SSRI Antidepressants for Bipolar Disorder

Medically Reviewed by Poonam Sachdev on April 02, 2023
3 min read

Traditional antidepressants are considered "experimental" for treating bipolar depression in that none has been proven to be more effective than a placebo (sugar pill) in bipolar I disorder. If taken alone, some may actually worsen symptoms of bipolar or flip a person into a manic or hypomanic episode. Hypomania is a more subdued version of mania. Using antidepressants alone also may lead to or worsen rapid cycling in some bipolar patients. In rapid cycling, a person has four or more distinct episodes of mania/hypomania or depression over a 1-year period. This person may be more prone to have a relapse or go into the next phase of illness sooner and more often than people without rapid cycling.

Studies also have shown that antidepressant medications may not provide additional benefit for bipolar depression if they're taken along with a mood stabilizer such as lithium or Depakote. But your doctor may prescribe newer antidepressants known as SSRIs (selective serotonin reuptake inhibitors) for treating depression in bipolar disorder – along with lithium or other mood-stabilizing drugs such as valproate, carbamazepine, or an atypical antipsychotic. People with bipolar II depression may be treated safely (at least in the short term) with antidepressants. 

If and when an antidepressant is effective for someone with bipolar depression, it is believed that the medicine works by boosting the functioning of nerve cells in the brain that communicate through the chemical (neurotransmitter) serotonin.

This class of antidepressants includes:

  • Citalopram (Celexa)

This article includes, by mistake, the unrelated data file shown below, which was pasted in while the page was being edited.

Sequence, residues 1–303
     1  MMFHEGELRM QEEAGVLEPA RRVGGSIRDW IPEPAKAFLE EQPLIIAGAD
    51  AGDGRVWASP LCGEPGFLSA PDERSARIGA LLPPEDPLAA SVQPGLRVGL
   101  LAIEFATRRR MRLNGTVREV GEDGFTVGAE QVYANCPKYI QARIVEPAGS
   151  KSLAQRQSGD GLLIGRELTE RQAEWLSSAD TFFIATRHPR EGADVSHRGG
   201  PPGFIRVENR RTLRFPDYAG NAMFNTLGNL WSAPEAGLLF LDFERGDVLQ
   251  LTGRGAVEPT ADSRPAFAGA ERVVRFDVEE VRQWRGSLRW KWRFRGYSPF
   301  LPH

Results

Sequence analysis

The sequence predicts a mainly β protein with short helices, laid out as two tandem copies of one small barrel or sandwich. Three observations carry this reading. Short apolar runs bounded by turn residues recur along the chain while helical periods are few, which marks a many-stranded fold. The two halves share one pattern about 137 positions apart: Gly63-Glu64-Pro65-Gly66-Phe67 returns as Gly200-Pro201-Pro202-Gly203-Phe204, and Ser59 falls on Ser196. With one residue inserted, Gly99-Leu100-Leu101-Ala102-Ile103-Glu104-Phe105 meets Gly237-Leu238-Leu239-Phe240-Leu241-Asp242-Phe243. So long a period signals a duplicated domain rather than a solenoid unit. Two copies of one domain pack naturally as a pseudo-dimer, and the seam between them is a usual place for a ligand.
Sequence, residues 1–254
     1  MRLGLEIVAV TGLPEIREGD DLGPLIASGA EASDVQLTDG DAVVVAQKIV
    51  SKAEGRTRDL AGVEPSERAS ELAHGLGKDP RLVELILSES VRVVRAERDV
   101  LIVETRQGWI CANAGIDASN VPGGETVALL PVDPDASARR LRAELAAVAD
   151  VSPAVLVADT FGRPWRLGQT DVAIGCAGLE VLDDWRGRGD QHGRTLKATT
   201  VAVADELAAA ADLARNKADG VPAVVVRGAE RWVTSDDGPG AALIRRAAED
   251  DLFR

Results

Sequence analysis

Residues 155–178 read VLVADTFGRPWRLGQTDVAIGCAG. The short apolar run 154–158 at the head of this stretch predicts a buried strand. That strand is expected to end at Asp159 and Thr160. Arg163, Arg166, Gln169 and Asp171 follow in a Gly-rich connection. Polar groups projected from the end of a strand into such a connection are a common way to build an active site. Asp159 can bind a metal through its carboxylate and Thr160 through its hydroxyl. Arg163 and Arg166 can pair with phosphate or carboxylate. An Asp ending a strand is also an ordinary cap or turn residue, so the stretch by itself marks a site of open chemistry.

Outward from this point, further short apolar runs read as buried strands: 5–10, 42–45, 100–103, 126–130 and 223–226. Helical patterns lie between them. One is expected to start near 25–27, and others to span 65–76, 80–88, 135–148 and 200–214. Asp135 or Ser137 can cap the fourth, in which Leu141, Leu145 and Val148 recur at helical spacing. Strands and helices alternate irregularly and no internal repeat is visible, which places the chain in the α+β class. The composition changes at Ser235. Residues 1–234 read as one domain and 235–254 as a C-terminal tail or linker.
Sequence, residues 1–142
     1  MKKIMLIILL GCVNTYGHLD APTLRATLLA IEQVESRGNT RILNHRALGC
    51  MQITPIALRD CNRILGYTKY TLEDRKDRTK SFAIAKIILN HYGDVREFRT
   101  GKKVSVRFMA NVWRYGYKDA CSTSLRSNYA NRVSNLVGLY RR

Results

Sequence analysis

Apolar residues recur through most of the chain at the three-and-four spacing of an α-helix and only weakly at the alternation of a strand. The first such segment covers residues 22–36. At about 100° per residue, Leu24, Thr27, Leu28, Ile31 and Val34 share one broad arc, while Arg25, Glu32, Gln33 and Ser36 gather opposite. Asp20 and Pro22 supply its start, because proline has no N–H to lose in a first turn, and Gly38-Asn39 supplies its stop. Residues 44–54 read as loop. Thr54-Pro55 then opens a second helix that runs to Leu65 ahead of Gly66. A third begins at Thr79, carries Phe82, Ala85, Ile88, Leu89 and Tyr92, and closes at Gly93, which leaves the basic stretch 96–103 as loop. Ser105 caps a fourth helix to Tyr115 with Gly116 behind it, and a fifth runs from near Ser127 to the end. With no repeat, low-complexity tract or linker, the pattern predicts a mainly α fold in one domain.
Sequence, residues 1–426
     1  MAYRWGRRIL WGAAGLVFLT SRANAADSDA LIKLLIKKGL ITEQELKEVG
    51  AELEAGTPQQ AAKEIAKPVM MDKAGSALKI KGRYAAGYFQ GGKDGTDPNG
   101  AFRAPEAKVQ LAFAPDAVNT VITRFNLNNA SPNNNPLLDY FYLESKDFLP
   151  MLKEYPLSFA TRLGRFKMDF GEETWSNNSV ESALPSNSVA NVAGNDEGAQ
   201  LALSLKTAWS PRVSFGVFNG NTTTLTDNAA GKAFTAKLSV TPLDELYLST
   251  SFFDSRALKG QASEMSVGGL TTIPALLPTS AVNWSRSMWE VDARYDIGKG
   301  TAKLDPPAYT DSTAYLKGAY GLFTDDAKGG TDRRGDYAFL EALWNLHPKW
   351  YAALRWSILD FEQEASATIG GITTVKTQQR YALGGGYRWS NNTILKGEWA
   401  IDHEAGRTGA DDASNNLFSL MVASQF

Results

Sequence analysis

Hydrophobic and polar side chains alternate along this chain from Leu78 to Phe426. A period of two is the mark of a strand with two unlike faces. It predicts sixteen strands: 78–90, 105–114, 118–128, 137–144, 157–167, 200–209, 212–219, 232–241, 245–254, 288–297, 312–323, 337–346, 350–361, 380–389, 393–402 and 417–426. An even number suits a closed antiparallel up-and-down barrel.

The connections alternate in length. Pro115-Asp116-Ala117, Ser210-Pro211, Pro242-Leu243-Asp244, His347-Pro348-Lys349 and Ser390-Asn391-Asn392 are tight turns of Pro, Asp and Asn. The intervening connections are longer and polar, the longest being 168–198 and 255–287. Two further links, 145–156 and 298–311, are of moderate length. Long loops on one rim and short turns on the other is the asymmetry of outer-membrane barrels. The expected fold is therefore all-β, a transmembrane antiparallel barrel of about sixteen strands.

• Escitalopram (Lexapro)
  • Fluoxetine (Prozac)
  • Fluvoxamine (Luvox)
  • Paroxetine (Paxil)
  • Sertraline (Zoloft)

Vilazodone (Viibryd) and vortioxetine (Trintellix, formerly called Brintellix) are two newer antidepressants that affect the serotonin transporter as well as other serotonin receptors in the brain.

Most antidepressants take several weeks to start working. Though the first one that is prescribed works in most people, others may need to try two or three to find the right one. Your doctor may also prescribe a sedative to help relieve anxiety, agitation, or sleep problems while the antidepressant begins to work.

SSRI side effects are generally milder than those of the older classes of antidepressants. There are many ways to counteract the common side effects of SSRIs if they develop, and some side effects may occur only briefly at the beginning of treatment.

Common SSRI side effects may include:

  • Nausea
  • Nervousness
  • Insomnia
  • Diarrhea
  • Rash
  • Agitation
  • Erectile dysfunction
  • Loss of libido
  • Weight gain or loss




In people with bipolar disorder, SSRIs and other antidepressants carry a risk of bringing about mania. So it's important to monitor for signs of excess energy, decreased need for sleep, or abnormal and excessive mood elevation. The FDA also recommends closely watching young people (children and adolescents) treated with SSRIs or other antidepressants for worsening depression or the beginning of suicidal tendencies. It is sometimes hard to tell whether suicidal thoughts or behaviors that happen or get worse during antidepressant treatment are the result of the antidepressant itself or of the ongoing depression that the antidepressant may not be effectively treating. For this reason, the FDA recommends careful monitoring of patients being treated with these drugs – especially at the beginning of therapy and when doses change. 

If you have questions or concerns, discuss them with your health care provider.